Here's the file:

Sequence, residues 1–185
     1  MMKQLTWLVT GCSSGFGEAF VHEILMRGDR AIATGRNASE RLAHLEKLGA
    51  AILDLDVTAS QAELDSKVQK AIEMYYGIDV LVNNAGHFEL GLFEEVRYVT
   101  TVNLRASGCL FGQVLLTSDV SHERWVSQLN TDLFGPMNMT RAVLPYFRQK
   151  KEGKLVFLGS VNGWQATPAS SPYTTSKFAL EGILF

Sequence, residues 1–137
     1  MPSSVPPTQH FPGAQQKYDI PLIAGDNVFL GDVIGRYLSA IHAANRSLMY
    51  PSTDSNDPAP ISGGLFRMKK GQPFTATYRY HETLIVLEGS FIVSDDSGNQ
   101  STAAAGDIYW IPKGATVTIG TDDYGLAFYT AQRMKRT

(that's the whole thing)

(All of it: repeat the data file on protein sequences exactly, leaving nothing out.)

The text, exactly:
Sequence, residues 1–185
     1  MMKQLTWLVT GCSSGFGEAF VHEILMRGDR AIATGRNASE RLAHLEKLGA
    51  AILDLDVTAS QAELDSKVQK AIEMYYGIDV LVNNAGHFEL GLFEEVRYVT
   101  TVNLRASGCL FGQVLLTSDV SHERWVSQLN TDLFGPMNMT RAVLPYFRQK
   151  KEGKLVFLGS VNGWQATPAS SPYTTSKFAL EGILF

Sequence, residues 1–137
     1  MPSSVPPTQH FPGAQQKYDI PLIAGDNVFL GDVIGRYLSA IHAANRSLMY
    51  PSTDSNDPAP ISGGLFRMKK GQPFTATYRY HETLIVLEGS FIVSDDSGNQ
   101  STAAAGDIYW IPKGATVTIG TDDYGLAFYT AQRMKRT